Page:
If the writer harbours a vendetta against the trainer of I Doubt That why didn`t he delve even further back, as far as the summer of 1983? Sovereign Paul`s owner (Irish) moved the gelding across Salisbury Plain (passing Stonehenge) from David Elsworth at Whitsbury to Elsworth`s long-time pal Fox at Winterbourne Stoke. Sovereign Paul (rated a couple of pounds better than I Doubt That) landed a bit of a touch, in a Bath seller, beating the favourite - trained by, D Elsworth.
What compost the Post`s man could have made out of that had he been around at the time.
Elsworth then trained top sprinter Indian Ridge for Sovereign Paul`s owners, the Coughlans. And Fox bought them Joshua`s Daughter for 420gns; saved her life when she suffered a fracture and she begat Ben`s Pearl who begat Cartier Horse of the Year 1995 and Breeders` Cup winner Ridgewood Pearl (by Indian Ridge). And the Coughlans went on to breed High Chaparral.
In as snide a tone as he can muster the Post writer states: “BHA expressed satisfaction that the combination of a new trainer, trip, surface and equipment were sufficient explanations for the personal-best effort from I Doubt That.” Personal best? 55?
Our doubting Thomas, the writer, calls I Doubt That “extremely unheralded”. What does that mean? The band of the Brigade of Guards were hardly likely to be on hand with a fanfare as the gamble returned to a bleak winner`s enclosure on that dank evening at Kempton, the scene played in front of a handful of largely disinterested punters witnessing the first Fox winner for over nine hundred days.
The writer dribbles insinuations such as “deceive” and “ deception”: Mrs Fox`s testimony “sheds a different light”. And so it does: the light it sheds on our trade paper is that putrid interpretations are preferred to acceptance of genuine, utterly guileless explanations. “I think it`s the same people who owned him there (in Ireland),” revealed the trainer`s wife who habitually represents her husband at the races – including driving the box, declaring at the scales, saddling and leading up, washing down – and all for some geek writer, who wasn`t even there, to rubbish her motives.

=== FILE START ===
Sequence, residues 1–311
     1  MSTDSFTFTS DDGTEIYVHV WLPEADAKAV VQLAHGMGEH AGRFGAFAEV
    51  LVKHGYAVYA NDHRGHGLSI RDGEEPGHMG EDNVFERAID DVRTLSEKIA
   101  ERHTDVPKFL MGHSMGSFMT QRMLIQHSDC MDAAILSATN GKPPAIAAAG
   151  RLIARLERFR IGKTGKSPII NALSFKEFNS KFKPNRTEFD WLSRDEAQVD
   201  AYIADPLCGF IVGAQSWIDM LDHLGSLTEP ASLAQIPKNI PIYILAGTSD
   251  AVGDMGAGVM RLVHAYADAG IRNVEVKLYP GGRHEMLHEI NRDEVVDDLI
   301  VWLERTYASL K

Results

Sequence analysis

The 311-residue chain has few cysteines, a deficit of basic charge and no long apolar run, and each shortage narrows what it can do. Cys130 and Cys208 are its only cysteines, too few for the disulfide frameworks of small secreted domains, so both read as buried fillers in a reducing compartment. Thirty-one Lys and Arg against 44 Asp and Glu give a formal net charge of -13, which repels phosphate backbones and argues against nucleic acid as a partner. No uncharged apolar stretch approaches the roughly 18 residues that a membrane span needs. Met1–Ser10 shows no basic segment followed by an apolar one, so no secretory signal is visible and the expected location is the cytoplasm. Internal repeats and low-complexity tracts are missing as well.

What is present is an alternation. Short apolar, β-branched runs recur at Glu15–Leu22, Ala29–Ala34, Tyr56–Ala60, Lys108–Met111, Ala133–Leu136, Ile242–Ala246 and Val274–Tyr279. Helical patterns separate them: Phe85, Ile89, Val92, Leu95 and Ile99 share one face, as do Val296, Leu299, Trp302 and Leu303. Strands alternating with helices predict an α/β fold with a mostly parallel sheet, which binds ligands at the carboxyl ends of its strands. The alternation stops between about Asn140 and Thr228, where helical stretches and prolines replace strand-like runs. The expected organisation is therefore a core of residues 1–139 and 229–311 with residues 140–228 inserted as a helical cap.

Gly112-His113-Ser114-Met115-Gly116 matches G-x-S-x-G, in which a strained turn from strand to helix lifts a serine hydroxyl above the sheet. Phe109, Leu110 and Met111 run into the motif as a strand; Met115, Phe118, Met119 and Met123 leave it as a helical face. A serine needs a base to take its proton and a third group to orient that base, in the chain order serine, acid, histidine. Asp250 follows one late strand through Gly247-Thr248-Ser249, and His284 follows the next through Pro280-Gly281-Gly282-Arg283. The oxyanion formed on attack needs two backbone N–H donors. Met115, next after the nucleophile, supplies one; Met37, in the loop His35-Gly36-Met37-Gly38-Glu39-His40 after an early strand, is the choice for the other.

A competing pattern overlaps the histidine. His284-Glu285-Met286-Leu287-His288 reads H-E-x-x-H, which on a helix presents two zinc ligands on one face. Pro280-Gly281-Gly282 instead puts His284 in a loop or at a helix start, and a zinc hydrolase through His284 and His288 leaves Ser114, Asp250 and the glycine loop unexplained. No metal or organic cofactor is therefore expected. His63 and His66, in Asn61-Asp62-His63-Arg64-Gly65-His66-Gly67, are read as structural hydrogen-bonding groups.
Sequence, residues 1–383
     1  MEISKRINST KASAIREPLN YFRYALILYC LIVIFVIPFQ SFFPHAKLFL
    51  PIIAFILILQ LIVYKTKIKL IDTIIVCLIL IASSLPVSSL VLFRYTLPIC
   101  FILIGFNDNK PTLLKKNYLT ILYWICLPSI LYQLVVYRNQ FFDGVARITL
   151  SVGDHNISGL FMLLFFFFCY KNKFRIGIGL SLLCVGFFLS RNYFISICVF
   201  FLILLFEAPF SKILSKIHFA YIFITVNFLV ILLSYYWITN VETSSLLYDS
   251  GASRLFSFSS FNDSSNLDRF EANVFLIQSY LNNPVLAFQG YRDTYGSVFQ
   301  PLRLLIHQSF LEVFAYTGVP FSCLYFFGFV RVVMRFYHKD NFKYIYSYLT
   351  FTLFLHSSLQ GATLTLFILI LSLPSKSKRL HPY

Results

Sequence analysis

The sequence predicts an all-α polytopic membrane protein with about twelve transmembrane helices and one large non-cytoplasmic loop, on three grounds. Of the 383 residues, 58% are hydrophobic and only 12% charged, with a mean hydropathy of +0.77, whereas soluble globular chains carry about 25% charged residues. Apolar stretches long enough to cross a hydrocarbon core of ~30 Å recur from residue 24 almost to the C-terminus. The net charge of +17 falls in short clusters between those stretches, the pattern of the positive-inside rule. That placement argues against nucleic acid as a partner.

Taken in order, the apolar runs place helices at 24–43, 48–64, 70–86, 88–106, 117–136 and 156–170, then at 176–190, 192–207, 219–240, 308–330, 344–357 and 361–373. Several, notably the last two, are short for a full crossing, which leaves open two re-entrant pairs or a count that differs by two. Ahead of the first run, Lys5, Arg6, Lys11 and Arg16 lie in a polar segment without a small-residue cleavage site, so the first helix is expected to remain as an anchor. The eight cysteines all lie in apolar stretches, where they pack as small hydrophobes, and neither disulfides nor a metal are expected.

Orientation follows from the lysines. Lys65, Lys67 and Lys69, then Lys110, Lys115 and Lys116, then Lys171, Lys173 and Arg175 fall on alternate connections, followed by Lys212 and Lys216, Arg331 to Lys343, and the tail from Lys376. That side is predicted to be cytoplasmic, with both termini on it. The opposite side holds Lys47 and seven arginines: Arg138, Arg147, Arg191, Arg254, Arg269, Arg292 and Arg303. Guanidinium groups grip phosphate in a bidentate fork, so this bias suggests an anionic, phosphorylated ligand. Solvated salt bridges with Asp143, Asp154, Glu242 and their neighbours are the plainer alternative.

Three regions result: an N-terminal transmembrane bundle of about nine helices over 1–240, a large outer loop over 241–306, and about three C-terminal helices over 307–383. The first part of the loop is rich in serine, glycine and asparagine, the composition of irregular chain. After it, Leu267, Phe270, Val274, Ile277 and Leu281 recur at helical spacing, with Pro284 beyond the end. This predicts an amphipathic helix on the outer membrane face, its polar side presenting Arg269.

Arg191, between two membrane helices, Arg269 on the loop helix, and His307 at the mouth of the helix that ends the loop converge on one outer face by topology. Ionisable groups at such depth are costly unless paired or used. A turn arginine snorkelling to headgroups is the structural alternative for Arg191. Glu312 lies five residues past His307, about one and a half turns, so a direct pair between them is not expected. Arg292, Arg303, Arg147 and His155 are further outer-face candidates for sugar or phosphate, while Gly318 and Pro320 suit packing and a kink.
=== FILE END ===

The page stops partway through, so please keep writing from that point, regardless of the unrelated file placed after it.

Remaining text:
Rule (J) 24.2 makes clear “A person must not provide any inaccurate information to the BHA”. Mrs Fox`s information was accurate. It hadn`t been possible for the ownership registration to be completed in the Irish owner`s name, in time for the horse to run in his colours. A horse`s readiness waits for no pen pusher.
But our man at the Post can`t resist putting the boot in: (Mrs Fox`s) “relatively innocent explanation” satisfied the BHA. How can anything be ‘relatively innocent` except in the lexicon of someone struggling with English syntax?
And associating this case, mentioning it in the same breath as Ronan McNally`s (nothing to do with I Doubt That) recent 12-year ban in Ireland for a number of transgressions, is a risible, reprehensible attempt to conjoin matters worlds apart.
Whither the Racing Post? The oldest trick in the book is distracting attention from a catastrophe by announcing an ‘accident`. So the week before the all-consuming Cheltenham Jumps Festival, the Racing Post raises its price – now approaching Rs450 daily. An old racecourse pro would, in the paper`s early days (founded 1986) collect the Racing Post out of the waste bin and buy The Sporting Life . Then he started buying the Post and lifting the Life out of the bin. You knew then the Life`s days (1859-1998) were numbered. The rubbish skip awaits the Post.